The Jellyfish by Jeske Haak adds a playful touch to a dramatic surrounding, mimicking the beauty but also the destructive power of nature. This duality is an intrinsic part of the Pair of Sofas by Belgian artist Kaspar Hamacher. As the son of a wood ward, Kaspar Hamacher pays homage to the forest with his sculptural objects in wood. The black colour contrasted with the deliberate rough texture of the wood’s live edge reminds us of the destructive forces of one of the basic natural elements: fire.

Room 7

In its most ambitious appearances Art Nouveau was conceived as a gesamtkunstwerk, or a totally integrated work of art, melding architecture, design, and art into a whole. The Paradise Tapestry by Natalia Brilli evocates the complex biome of an underwater world. The extremely detailed scene is made by hand in raffia by artisans in Madagascar.

For his Stratum Saxum-series Belgian designer Daan De Wit developed his own technique to optimize his material use, combining automized laser cutting and, afterwards, a detailed constructing of the bamboo layers by hand. Similar to the geological layers of mother earth, the tables look different from every vantage point—a total sculpture. 


Although the floral style of Art Nouveau is best known, some architects proposed a reductive, geometric style, as epitomized by the Glasgow School of Charles Rennie Mackintosh and the Vienna Secession of Josef Hoffmann, who built the Stoclet Palace in Brussels (1905-1911).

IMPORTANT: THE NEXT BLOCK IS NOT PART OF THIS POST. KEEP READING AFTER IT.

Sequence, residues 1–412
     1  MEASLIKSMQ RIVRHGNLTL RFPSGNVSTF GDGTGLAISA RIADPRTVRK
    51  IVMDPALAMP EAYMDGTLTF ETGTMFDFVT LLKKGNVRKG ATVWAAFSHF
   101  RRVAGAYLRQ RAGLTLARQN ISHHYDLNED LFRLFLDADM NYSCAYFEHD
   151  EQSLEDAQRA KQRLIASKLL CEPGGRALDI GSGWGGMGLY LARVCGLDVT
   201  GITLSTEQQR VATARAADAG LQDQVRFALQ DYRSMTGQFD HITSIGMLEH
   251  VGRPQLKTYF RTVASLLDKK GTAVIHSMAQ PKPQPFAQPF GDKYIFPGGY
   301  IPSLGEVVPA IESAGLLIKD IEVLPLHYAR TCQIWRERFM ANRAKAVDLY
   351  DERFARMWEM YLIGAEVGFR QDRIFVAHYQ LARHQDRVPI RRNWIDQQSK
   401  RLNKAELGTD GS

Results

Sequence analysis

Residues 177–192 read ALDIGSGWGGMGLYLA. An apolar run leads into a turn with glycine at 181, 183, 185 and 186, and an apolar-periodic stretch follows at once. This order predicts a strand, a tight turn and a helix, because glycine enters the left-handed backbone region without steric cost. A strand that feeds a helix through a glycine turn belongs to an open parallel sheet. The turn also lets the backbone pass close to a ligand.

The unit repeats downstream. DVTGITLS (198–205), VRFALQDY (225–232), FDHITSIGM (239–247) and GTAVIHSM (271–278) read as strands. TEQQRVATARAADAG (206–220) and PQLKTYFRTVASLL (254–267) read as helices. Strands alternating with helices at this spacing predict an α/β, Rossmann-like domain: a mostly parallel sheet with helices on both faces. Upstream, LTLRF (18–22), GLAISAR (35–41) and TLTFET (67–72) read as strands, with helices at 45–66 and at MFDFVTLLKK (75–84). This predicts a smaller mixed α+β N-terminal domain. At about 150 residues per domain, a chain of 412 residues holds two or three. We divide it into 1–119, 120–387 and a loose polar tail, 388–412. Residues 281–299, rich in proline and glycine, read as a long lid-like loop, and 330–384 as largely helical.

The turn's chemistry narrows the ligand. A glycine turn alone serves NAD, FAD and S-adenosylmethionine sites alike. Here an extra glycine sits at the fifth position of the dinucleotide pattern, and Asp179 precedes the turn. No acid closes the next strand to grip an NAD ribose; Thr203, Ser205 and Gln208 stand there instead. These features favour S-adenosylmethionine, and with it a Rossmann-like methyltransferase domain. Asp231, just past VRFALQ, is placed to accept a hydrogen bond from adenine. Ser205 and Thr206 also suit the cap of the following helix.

This playful dialogue between the organic and the geometric can be discovered in the Stories Table by Belgian design duo studio PART, which is made with wood from the Brussels Sonian Forest by Sonian Wood Coop. The table is a meditation on the rough and refined, with the lower section of the tables base made from raw unworked wood, with each progressive layer built above it increasingly refined.


RoOM 9

Belgian artist Robin Berrewaerts brings raw nature from out of the forest into the home: he transforms the wood he finds in Brussels parks into organic sculptural creations. The found waste wood receives new life through intricately carved, incised, and chiseled surfaces. His signature black tinting process enhances the texture of the original material while imbuing it with a saturated extra-sensorial velvety density.


Room 10

In between the architectural ruins of our civilization these objects function as astonishing witnesses of historical lives and stories, and of the playful dialogue between the man-made and nature made. In his bronze creations such as the Exsitu Occasional Table, Niclas Wolf plays with contrasts between the rough texture of hand-sculpted silvered bronze against the refined smooth mirror-polish underside of the table to sublime effect.

Natalia Brilli wraps found and natural objects with ultra-thin layers of leather in Extra Large Shells –a way to safeguard them and transform them into objects worthy of a contemporary Wunderkammer.

Davy Grosemans founded ÆTHER/MASS to pursue a pared-down minimalist ethos in his visionary formal and material language. TwentyTwenty resulted from research into the opal glass lamp designs of 1920s Dutch modernism. In a metaphor for biological cross-breeding of the historical designs, Grosemans merges pairings of the lamp forms into a singular sculptural light object.